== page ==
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Patterns: The Devil Is In The Details - Part 1
by Stuart Anslow
Having just completed three in-depth books on the Ch’ang patterns (The Encyclopedia Of Taekwon-Do Patterns), I clarified a few points with various Taekwon-Do Masters and Grandmasters (both within the ITF and some not in the ITF) to ensure the books were as accurate as possible and by doing so I gained a lot of useful insights into various techniques contained within the patterns.
I have noticed at a few recent tournaments that many miss some of the finer details within their patterns performances, which could make the difference between a medal placing and of course could effect a grading mark as well. This article is not a criticism of any instructors teachings of patterns as the reasons are numerous as to why things can be slightly wrong, from miscommunication to lack of communication altogether or something altogether different.
There are other reasons as well, for example, many use YouTube video’s to revise their patterns and if one organisation does things different to your own, errors can creep in that way. Or if an instructor has taught your instructor something that is slightly incorrect, then it filters down the line until someone else corrects you or you notice yourself! Also, one should bear in mind that different Taekwon-Do organisations may deliberately want things performed differently, for example AIMAA students always perform a crescent kick when ever they perform a ’W’ block—so this is not wrong, just different. Students should always clarify such things with their instructor if need be.
What I refer to as ‘correct’ is how techniques were left following General Choi’s death in 2002, like I said, other groups may want them performed in a different way, but these details are General Choi’s version of the patterns. Whilst there are a few Masters of our art that can virtually quote General Choi’s books word for word, for the rest of us details can get forgotten over time. For example, whilst training up for my recent grading I found getting my 3rd dan patterns 100% correct was the hardest part, as I did not have any 3rd dans at my Academy, so these patterns are the ones I teach the least, that is only natural and without refreshing them constantly (as I was now doing) I found that small errors crept in that needed to be corrected prior to the actual grading.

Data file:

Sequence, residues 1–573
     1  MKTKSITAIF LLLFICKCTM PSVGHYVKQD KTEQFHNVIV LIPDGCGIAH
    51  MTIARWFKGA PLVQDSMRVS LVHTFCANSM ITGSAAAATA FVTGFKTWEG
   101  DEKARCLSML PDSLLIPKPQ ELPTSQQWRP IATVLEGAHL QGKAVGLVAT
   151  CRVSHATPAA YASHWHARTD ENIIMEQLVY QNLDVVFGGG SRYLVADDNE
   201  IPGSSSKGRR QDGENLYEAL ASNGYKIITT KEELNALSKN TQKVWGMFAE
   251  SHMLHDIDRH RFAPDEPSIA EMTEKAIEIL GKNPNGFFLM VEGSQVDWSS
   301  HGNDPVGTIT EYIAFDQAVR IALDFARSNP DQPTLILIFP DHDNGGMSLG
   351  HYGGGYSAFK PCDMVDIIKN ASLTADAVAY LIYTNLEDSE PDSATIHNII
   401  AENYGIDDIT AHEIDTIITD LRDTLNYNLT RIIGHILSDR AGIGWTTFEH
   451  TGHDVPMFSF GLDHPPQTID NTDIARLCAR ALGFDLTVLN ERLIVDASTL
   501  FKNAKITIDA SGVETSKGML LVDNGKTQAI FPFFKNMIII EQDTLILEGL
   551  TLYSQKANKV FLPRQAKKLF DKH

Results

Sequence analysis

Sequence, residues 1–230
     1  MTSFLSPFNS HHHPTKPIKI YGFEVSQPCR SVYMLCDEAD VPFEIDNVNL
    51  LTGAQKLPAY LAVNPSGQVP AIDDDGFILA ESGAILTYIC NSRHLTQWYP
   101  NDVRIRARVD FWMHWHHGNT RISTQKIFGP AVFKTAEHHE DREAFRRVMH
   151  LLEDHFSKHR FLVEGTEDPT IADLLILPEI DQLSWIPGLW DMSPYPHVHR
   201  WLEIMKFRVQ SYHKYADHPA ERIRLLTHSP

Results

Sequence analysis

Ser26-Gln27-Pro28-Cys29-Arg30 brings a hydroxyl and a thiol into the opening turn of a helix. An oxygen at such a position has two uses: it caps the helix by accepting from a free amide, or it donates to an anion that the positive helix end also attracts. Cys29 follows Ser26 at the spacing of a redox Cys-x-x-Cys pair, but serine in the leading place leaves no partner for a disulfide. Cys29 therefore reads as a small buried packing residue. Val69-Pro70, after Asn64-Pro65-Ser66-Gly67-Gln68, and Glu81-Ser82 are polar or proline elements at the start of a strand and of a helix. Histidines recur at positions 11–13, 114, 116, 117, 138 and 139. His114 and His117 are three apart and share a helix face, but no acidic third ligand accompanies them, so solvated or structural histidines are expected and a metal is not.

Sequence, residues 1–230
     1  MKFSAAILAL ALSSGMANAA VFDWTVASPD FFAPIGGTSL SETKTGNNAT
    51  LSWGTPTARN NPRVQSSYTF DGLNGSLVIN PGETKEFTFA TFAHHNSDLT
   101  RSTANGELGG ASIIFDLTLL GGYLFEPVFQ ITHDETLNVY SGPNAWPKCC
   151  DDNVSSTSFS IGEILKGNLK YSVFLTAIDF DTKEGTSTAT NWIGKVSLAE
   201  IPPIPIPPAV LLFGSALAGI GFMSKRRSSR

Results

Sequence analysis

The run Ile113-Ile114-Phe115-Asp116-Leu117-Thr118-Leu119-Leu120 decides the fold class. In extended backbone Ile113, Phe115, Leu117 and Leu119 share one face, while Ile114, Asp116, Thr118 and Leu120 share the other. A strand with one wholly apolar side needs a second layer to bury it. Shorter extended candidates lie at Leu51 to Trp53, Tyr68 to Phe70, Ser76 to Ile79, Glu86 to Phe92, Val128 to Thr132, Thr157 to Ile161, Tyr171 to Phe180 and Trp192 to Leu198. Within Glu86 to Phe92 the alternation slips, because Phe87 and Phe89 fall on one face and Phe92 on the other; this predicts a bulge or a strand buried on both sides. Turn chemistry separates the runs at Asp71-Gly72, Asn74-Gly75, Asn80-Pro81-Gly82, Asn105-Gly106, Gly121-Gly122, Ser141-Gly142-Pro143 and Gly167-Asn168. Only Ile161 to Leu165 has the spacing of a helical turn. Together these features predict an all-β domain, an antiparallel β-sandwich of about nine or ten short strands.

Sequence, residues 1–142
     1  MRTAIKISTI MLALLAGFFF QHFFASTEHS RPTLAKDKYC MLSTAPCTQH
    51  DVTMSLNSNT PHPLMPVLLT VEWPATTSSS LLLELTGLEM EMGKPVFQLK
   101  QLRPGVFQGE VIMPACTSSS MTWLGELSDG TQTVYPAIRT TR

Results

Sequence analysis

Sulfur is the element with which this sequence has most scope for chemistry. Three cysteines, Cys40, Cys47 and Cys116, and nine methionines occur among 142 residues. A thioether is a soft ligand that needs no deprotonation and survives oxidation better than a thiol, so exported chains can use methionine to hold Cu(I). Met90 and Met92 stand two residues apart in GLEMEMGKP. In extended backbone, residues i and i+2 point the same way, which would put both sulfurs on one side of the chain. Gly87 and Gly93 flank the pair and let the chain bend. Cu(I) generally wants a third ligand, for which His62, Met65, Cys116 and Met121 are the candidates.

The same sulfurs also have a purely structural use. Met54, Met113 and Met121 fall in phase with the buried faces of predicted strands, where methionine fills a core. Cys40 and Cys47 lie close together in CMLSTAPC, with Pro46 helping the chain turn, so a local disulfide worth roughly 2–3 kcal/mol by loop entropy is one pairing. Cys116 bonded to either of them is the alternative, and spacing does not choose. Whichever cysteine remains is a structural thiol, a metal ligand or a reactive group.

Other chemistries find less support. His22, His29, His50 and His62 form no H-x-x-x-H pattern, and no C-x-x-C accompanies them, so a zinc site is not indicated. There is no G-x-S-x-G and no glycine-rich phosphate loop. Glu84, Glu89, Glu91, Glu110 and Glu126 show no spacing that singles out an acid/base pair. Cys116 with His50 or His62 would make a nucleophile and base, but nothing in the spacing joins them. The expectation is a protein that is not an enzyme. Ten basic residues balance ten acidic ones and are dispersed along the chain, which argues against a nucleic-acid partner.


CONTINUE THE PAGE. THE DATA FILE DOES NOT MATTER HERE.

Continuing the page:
When I teach new patterns (mainly the black belt ones) there are always little things that, following a black belt training session, I need to clarify afterwards, as to be honest, with so many moves and combinations that are similar, I simply cannot remember some of the finer details sometimes—maybe its an age thing, or maybe its only being human. Whatever the case, whilst its all still fresh, I thought an article or two on some of the things I have noticed may prove useful for some. Others may simply feel “Of course I knew that”, but I have seen that many do not know (but should) which is why I have put them here. They are simply things that I have picked up or noticed that I think others may find useful and are in no particular order.
Toi-Gye’s Backfist and Hwa-Rang’s Side Elbow Thrusts
One of the things I constantly see is students sliding on both these techniques, as they are technically, both backward momentum type motions. For this example we will use the ‘step back’ into a Backfist Strike found in Toi-Gye and the Rear Elbow Thrust found near the end of Hwa-Rang tul.
The correct way is that you ‘step’ into the Backfist Strikes and ‘slide’ into the Side Elbow Thrusts and this is the way all of these motions are performed all the way through the patterns (though I am working from memory here, its 6am in the morning, so I`m open to be corrected).
How long is the slide motion? Approximately 6 inches from your previous stance ie. Where your left foot was originally.
The Backfist Strike from Toi-Gye tul
The Rear Elbow Thrust from Hwa-Rang tul
Okay, lets jump onto some of the techniques within the black belt patterns. Speaking of ‘jumping’ did you know that technically there are no jumping kicks in Taekwon-Do! That's right, because the word ‘jumping’ refers to the shifting of stances in the air (and possibly other things) but not kicks. All, so called ‘jumping kicks’ should really be called ‘flying kicks’! Anyway, moving on: